It sounds much but the 22km round trip is worth every step, even if the day after you can barely walk!
The entrance is to Boowinda Gorge is narrow, winding gorge only a few metres across in places, where only reflected light reaches the lower walls as it snakes its way upstream.
We left early in the morning, with our backpacks full of goodies for the day, to reach the gorge at midday.
The first kilometre of this boulder-strewn gorge is the most spectacular – The midday sun penetrated the gorge creating beautiful patterns which add to nature sculpture. Moss- coated sandstone walls, cobbled carpet though the narrow passages with sweeping overhangs draped with curtains of moss and ferns. It’s truly spectacular!
It’s kilometres long in its own right – I assume – and the floor is covered in grey boulders which are somewhat trying to walk on. The walls alternate between rocky and mossy and not much light makes it to the floor. Sometimes around a corner, a tree or small clump of bushes or ferns will grow, presumably where moisture collects.
I didn’t want to leave, I wanted to stay and see the light change, I want to sing out loud and listen to my echo. Mind you, there was no-one else in the gorge!
The Meaning of Boowinda
Boowinda is an indigenous word meaning ‘thunder’, and it’s worth remembering that fact as you explore its sinuous, smoothly eroded walls. The sandstone here has been carved into amazing shapes by some extreme flows of water.
Therefore if you hear thunder when in Boowinda Gorge, it’s time to leave as it is prone to flash flooding.
The Boowinda Gorge Track
Boowinda Gorge is a grade 4 track, that can take between 5 and 6 hours.
Grade 4 track in Australia means that:
- Maybe extensively overgrown; hazards such as fallen trees and rocks likely to be present.
- Caution needed on creek crossings, cliff edges and naturally occurring lookouts.
- Moderate level of fitness required.
- Ankle-supporting footwear strongly recommended.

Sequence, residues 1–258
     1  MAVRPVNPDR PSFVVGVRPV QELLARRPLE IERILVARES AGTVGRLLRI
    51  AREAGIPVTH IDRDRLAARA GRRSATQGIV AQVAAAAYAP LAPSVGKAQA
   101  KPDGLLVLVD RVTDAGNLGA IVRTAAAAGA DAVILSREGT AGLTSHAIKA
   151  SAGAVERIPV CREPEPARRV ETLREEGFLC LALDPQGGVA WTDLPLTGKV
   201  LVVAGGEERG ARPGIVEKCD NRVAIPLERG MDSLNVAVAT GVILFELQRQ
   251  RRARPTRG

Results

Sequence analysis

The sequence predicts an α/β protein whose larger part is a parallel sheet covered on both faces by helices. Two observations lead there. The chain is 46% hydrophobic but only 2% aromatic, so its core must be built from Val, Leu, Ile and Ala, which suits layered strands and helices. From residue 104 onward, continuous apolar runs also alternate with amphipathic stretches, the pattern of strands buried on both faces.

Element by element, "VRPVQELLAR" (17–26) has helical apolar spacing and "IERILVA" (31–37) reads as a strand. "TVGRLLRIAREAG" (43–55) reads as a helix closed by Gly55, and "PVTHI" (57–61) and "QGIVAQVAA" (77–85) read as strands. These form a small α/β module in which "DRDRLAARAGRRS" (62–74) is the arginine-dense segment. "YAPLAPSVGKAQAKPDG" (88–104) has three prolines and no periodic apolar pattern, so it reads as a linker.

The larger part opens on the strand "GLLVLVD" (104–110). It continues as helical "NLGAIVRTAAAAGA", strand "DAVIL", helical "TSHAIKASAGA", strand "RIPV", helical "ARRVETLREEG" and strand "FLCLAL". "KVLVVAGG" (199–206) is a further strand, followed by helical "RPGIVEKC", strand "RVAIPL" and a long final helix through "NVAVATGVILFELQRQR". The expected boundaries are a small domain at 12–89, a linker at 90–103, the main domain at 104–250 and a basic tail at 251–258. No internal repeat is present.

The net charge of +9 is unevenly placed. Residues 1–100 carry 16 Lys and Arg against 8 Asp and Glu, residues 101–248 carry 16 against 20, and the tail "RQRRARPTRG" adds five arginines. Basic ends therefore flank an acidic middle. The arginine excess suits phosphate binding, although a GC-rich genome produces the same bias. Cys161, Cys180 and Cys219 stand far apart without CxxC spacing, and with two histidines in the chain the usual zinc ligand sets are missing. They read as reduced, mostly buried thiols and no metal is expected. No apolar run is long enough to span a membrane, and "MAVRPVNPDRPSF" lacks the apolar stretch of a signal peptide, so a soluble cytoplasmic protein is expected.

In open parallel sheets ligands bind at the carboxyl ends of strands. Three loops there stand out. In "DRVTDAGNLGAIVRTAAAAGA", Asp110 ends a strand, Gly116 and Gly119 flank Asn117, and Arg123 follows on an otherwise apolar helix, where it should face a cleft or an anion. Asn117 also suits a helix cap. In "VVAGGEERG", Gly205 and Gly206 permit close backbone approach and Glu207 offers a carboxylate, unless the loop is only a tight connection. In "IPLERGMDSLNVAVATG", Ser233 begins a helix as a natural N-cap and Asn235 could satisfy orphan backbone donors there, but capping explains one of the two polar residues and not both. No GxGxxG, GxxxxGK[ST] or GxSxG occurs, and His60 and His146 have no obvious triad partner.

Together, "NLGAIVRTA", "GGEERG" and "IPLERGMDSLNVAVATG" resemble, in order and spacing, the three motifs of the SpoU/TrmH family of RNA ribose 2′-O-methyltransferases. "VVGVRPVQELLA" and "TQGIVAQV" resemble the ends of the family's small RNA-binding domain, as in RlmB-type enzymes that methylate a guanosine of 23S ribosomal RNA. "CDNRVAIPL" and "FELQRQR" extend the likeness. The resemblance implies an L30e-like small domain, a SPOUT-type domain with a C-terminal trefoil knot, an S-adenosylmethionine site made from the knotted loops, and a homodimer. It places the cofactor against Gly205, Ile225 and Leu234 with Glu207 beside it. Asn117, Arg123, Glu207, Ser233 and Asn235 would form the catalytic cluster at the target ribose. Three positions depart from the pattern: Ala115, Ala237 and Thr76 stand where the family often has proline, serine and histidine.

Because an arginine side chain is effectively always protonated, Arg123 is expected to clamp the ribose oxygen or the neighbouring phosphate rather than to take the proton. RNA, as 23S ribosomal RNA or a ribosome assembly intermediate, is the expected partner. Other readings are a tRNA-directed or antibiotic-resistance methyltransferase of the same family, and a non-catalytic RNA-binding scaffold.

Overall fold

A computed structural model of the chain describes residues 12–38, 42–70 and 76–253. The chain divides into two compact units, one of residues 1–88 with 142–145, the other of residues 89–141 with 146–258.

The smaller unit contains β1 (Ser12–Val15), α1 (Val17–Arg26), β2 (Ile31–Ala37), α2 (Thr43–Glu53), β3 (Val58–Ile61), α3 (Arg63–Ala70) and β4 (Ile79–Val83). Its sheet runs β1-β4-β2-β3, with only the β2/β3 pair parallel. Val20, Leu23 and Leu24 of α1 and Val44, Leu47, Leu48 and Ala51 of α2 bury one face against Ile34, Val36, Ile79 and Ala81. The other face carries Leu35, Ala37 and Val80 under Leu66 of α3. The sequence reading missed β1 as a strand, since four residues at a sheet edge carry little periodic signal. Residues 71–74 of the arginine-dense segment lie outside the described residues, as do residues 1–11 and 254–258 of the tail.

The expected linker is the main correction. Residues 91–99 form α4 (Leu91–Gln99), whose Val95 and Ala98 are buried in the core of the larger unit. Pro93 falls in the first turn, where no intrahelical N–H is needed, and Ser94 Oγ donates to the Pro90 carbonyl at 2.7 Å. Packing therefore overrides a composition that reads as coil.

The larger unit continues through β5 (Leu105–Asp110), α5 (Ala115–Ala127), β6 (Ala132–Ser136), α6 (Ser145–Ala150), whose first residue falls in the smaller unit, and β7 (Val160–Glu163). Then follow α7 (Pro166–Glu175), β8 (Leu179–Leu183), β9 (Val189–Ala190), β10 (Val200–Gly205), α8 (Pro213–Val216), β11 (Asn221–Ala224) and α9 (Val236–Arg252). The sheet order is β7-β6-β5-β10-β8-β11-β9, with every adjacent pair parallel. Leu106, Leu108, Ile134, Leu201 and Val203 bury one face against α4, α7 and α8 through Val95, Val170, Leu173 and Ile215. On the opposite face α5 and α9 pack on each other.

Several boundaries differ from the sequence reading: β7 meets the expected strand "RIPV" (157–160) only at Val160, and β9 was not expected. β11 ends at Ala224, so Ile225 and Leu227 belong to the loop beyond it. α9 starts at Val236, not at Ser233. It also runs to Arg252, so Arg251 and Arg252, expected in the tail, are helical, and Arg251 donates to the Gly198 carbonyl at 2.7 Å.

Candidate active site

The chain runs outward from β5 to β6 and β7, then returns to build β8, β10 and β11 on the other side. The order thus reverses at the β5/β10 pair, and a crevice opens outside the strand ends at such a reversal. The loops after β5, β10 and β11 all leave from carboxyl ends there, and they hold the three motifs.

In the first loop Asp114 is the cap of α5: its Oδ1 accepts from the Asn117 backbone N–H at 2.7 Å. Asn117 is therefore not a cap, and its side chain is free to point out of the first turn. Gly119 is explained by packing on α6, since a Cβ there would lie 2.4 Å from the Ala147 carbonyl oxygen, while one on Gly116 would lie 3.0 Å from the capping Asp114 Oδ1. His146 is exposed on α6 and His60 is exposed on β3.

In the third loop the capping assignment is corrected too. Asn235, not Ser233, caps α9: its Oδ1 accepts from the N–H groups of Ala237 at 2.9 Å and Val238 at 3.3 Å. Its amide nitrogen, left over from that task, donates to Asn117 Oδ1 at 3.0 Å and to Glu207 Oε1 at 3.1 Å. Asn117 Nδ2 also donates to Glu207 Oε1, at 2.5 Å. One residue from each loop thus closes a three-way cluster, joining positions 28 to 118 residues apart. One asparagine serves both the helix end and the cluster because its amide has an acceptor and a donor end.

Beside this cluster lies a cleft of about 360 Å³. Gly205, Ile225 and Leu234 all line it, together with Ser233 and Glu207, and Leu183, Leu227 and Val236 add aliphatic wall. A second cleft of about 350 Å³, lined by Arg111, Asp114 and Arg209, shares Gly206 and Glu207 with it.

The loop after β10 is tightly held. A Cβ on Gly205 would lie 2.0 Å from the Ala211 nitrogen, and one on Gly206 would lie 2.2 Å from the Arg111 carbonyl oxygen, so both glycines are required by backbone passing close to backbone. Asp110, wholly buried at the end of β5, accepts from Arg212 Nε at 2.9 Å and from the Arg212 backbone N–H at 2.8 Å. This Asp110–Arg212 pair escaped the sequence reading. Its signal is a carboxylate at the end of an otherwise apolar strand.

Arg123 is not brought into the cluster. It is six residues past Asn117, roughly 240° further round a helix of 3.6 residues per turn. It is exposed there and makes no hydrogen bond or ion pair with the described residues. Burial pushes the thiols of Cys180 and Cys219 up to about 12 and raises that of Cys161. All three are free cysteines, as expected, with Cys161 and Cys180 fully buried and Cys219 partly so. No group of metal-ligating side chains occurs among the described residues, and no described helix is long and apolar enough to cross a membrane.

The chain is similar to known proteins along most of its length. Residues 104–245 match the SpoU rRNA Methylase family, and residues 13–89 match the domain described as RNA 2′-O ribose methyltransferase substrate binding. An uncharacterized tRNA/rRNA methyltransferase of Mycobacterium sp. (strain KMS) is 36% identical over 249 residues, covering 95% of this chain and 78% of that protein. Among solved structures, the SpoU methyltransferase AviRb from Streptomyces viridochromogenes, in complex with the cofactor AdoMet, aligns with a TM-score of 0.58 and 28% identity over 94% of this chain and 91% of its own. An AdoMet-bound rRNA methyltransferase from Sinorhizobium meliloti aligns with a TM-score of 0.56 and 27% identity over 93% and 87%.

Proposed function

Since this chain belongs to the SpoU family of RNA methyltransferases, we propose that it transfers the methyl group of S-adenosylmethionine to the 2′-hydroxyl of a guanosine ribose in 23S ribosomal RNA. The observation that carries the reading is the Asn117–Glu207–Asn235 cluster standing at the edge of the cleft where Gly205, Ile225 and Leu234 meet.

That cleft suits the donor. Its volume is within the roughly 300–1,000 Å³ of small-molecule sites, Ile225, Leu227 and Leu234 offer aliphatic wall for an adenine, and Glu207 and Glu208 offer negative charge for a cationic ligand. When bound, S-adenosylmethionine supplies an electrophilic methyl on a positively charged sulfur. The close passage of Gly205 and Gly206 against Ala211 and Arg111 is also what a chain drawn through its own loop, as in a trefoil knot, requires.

Walk safely on Boowinda Gorge Track
No matter what type of walk you are about to do you should always think about your ability and conditions carefully before setting out. Choose walks that suit the ability of the whole group, so you can stay together the whole time while on the walking tracks.
No matter where I go for a bushwalk, I always make sure I tell someone about my plans, this is particularly important when we go on remote walkings.
On this particular walk, The Boowinda Gorge Track, I felt that the main hazard was the loose cobbled stones along the Gorge. Walk slowly on this section while admiring the gorge moss walls.
Essentials to bring
Here is a list of a few things you should bring with you when walking at Carnarvon National Park:
- First aid kit
In any walk, you should always carry a first aid kit. In Australia, I always carry also a snake and spider kit, in case something happens. It contains all the things you need in case of a bite. Also, if you are not familiar with first aid for snake and spider bites, learn it before you venture in the Australian bush!
- Animal-proof sealable rubbish container
There are no bins at Australia National Parks. The idea is to take with you what you bring. So please carry a bag so you can dispose of and take your rubbish with you.
If you are planning to keep walking past the Boowinda Gorge in direction to the Big Bend, bring a fuel stove and stove with you to the camping ground.
Inside the gorge gets dark very quickly and early. Always carry a torch just in case.
- Warm clothes
Even in summer, you might need a jumper inside the gorge. I was freezing and I had a jumper and a beanie.
There are water taps available in the Carnarvon Gorge camping and day-use area. If you are camping or walking in remote locations treat water before drinking.
I always carry at least 2 litres per person and bring with me either purification tablets to treat water or my
Katadin water bottle (which filters the water). You can read here my review.
P.sS – This post was originally published on the 7/08/2012 and updated on the 12/8/2019. You might also like to read my “Guide To Safe Camping In The Outback” and also “How to prepare the perfect camping trip”